• Funds of Funds for Startups: About US$ 1.33 Bn approved by the Cabinet and established by the Department for Promotion of Industry is being managed by SIDBI (Small Industries Development Bank of India) to provide a much-needed boost to the Indian Startup ecosystem.
    • Aspire – A Scheme for Promotion of Innovation, Rural Industries and Entrepreneurship – was launched by the Ministry of Micro, Small and Medium Enterprises. It aims to set up a network of technology centres and to set up incubation centres to accelerate entrepreneurship and to promote start-ups for innovation in agro-based industries.
    • Atal Innovation Mission – Launched by NITI Aayog as a flagship programme, it aims to promote a culture of innovation and entrepreneurship in India.
    • Project Chunauti: It is a start-up challenge under the Next Generation Incubation Scheme (NGIS) initiative. Selected startups are provided human resources, legal, intellectual property rights (IPR) and Patent matters guidance as well as other incubation and mentorship facilities.
    • National Initiative for Developing and Harnessing Innovations (NIDHI): It is an umbrella programme for nurturing ideas and innovations (knowledge-based and technology-driven) into successful startups.
    • Other Reforms 
      • Reforms such as opening up sectors like space-tech for private participation, tax holidays for startups fulfilling certain eligibility criteria such as annual turnover and year of incorporation to tide over working capital requirements, and creation of state-run incubators, among many, are lowering the odds of establishing successful startups and helping them grow.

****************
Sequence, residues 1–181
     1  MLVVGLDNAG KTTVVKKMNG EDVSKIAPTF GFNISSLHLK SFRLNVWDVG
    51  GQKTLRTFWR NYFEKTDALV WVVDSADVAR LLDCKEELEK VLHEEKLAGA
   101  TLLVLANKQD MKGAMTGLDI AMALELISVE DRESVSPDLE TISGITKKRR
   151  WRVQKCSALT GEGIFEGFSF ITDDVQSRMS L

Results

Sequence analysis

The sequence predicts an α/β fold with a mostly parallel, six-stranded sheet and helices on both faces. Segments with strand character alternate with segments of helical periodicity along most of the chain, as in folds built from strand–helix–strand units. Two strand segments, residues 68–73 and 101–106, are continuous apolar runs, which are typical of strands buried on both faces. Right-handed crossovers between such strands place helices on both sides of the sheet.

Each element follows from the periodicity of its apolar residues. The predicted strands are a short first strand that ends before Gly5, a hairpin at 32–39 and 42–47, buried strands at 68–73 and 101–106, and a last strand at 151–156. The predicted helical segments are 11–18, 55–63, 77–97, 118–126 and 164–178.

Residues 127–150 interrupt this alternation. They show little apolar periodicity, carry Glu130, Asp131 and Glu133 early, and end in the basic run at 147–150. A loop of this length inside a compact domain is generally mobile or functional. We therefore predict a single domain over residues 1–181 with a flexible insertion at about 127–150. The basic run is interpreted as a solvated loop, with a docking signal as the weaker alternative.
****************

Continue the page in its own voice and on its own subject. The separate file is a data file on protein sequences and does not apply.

Conclusion and Way Forward 

    •  The startups can play a key role to socialise and democratise the availability of healthcare across the globe at a time when the world is grappling with the coronavirus pandemic.
    • Entrepreneurs should also focus on strengthening the make in India programme, innovating in India and mentoring young startups.
      • Venture capitalists and financers can also play a key role in mentoring young startups across the country particularly in Tier 2 and 3 towns.
    • As the world is facing successive waves of this pandemic and concerns related to the Russia-Ukraine crisis , our entrepreneurs must start thinking of making our startups more resilient.
    • Startups can play a very important role to socialise and democratise the availability of healthcare across the world
    • Five mantras have been suggested and these are  Share, Explore, Nurture, Serve, and Empower (SENSE)”.